Aftershock: Earthquake in New York (1999)
Directed by: Mikael Salomon
Starring: Tom Skerritt, Charles S. Dutton, Sharon Lawrence, Lisa Nicole Carson, Jennifer Garner, Erika Eleniak-Goglia
Choosing New York as the epicenter of a major earthquake isn’t exactly an obvious choice, as The Big Apple isn’t particularly known for being located in an earthquake zone. Googling the subject, it turns out there are indeed some fault lines beneath the city that might pose a bigger threat than previously thought. I don’t know if the makers of this made-for-tv movie (originally aired as a two-part miniseries) had an unexpectecly deep knowledge of geology, but I suspect they really didn’t care. You see, the quake that devastates New York is first and foremost not a physical event – it is an opportunity for the people affected by it to learn valuable life lessons and get closer to each other. Oh yeah, it’s a Hallmark production.
As usual, we’re introduced to a bunch of characters who we will follow through the crisis: there’s the fire department chief (Tom Skerritt) who has recently resigned to protest the cutbacks proposed by the mayor (Charles S. Dutton), who in turn is none too fond of the fire chief; there’s the mayor’s daughter (Lisa Nicole Carson), a successful defense attorney, and her client, a somewhat creepy accountant (JR Bourne) accused of having murdered his disabled wife; there’s also the mayor’s old mother (Cicely Tyson) who gives a young street kid called No-Name (Ray J) work at her church; there’s a young ballet dancer (Jennifer Garner) and her rich father (Mitch Ryan); there’s a Russian immigrant (Fred Weller) working as a taxi driver; and there’s a Californian family (Sharon Lawrence playing the mother) who has recently moved to N.Y. after the son was injured in a car accident. Oh, and there’s also ex-Playmate Erika Eleniak as a TV news reporter who doesn’t get out of her helicopter for the entire movie. Oodles of people to keep track of!
When the quake strikes, some 40 minutes into the movie, the fire chief has just dropped his daughter off at school, the lawyer has stepped into the subway accompanied by the accountant who now exhibits some stalker tendencies, the dancer has just had lunch with daddy and is now riding in the cab driven by the Russian guy. We’ve also been introduced to the emotional problems afflicting the Californian family, which is falling apart because of mom’s massive guilt about her son’s disability (a light limp).
While the quake itself doesn’t really convince me – there’s a whole lotta shaking going on but it just doesn’t feel very real – the movie does quite a nice job when it comes to showing us the aftermath. The post-quake sets look really good, and the CGI shots are nicely done. The work of the art department is actually the best part of the movie.
As for the plot, aside from the usual struggle to escape and survive, the script lays it on really thick when it comes to the touchy-feely stuff. Apart from the few named characters that actually kick it – the dancer’s old dad, the mayor’s old mother and, somewhat unexpectedly, the fire chief’s teenage daughter – this quake seems to be a win-win situation for everyone. The fire chief and the mayor put their differences aside, the chief gets his job back and they become close friends. The dancer does lose her dad (and his wallet) but in return she gets to be prima ballerina, and falls in love with the Russian cabbie. The street thug formerly known as No-Name emerges from the ruins of the church with a new sense of self-worth, and now goes under the name of Clayton, in honor of the mayor’s mother. We’re never told if the mayor’s daughter got that hot new job (she probably did), but more important is that the creepy accountant is killed. (The high realism of this piece is revealed when the accountant, just a couple of hours after having been acquitted of all murder charges, tries to kill a fellow quake victim while trapped in the subway tunnels and then attempts to strangle his own lawyer as they work their way out of the tunnels. How could this guy keep it together for the duration of the trial?)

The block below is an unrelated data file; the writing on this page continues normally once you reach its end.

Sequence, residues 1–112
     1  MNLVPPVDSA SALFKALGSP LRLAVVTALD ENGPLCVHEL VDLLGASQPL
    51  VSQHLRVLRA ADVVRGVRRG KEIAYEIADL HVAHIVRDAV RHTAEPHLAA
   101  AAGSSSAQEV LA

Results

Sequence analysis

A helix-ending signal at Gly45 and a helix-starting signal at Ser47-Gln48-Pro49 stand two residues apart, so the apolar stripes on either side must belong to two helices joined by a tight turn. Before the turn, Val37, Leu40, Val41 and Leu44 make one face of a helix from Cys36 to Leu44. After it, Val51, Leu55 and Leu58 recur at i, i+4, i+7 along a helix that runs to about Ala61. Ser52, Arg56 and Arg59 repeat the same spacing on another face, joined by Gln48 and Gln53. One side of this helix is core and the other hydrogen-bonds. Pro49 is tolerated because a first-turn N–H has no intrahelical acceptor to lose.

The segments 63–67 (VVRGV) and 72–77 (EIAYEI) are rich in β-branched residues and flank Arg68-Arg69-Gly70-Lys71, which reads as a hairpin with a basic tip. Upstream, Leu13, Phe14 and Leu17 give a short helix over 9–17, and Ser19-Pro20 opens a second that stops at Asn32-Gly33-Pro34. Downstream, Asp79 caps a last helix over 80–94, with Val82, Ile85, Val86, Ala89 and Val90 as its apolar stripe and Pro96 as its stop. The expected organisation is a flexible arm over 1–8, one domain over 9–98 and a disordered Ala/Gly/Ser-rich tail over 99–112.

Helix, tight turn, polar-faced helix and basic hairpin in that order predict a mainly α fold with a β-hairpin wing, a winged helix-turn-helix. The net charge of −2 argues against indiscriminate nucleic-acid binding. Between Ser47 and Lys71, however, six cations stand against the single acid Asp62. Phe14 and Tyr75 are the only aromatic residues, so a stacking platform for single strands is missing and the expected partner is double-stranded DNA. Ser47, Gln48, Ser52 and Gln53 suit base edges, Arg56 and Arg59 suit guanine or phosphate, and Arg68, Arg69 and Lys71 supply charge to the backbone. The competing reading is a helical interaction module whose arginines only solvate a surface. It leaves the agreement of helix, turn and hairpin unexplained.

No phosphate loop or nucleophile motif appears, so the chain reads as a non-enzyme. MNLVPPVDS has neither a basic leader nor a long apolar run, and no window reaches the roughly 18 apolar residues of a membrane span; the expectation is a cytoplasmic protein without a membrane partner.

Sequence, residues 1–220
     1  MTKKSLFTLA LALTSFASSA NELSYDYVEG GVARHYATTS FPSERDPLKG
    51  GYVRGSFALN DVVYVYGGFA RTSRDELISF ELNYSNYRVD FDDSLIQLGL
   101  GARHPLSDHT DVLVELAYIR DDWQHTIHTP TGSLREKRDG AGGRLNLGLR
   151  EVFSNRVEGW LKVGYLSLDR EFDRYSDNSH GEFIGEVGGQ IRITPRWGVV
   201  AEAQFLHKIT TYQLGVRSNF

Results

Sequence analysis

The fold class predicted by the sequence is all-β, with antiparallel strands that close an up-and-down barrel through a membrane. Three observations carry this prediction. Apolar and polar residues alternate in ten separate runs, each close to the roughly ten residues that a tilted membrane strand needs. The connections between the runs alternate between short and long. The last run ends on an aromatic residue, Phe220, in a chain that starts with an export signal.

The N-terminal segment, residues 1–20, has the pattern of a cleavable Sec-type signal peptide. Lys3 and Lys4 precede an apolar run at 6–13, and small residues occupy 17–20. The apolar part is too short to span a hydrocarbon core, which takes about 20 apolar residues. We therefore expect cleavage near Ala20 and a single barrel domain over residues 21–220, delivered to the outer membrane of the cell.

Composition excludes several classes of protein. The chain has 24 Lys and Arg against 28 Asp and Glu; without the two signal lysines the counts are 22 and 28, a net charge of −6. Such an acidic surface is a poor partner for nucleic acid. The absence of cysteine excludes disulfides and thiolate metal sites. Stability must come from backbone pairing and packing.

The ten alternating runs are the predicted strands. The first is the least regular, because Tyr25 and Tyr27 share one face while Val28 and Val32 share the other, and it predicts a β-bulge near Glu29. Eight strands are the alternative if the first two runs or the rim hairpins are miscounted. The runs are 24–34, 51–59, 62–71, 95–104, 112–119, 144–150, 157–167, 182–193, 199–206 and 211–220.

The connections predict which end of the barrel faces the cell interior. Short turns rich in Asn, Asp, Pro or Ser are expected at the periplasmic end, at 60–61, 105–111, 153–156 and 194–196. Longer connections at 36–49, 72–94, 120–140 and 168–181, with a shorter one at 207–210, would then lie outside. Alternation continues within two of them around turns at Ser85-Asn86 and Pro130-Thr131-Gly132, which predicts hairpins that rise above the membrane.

Most of all, we’re supposed to feel for the guilt-ridden mother, whose son doesn’t even trust her enough to buy the new Pelé video for him. He wants daddy to do it. (Presumably, he feels mom would screw up the trip to the store and cause him to limp on the other leg as well.) Luckily, all mom needs for the healing to begin is a random stranger saying “I trust you” after an earthquake turns Manhattan into a heap of gravel. That boost to her self-confidence turns her from nervous wreck into a tigress, clawing her way past the firemen to scale the walls of a crumbling school building and save her trapped son – who now has regained enough faith in his mother to forget about his supposedly crippling limp and jump across a gaping chasm into her arms.
Having just seen Sharon Lawrence as the impossibly annoying nuclear plant manager in Atomic Twister, I can’t muster much sympathy for her character in this one either. I guess I’m just not a Sharon Lawrence fan. Elsewhere, Tom Skerritt and Charles S. Dutton both do fine jobs playing the fire chief and the mayor, respectively. Jennifer Garner doesn’t really make that much of an impression as the dancer. Fred Weller, on the other hand, ought to get some kind of reward for the outlandish accent he uses to portray the Russian cabbie.
For a made-for-tv movie, this one boasts decent production values and an above-average cast. But the soapy, soppy, daytime-tv quality of the human drama detracts a bit from an otherwise a decent TV-disaster. It’s also too bloated: there are too many storylines battling for screen time, and it happens more than once that I’ve almost managed to forget about some of the characters when we suddenly cut back to them. At 140 minutes this movie is too long, even if the dvd version apparently has been edited down somewhat from the broadcast version.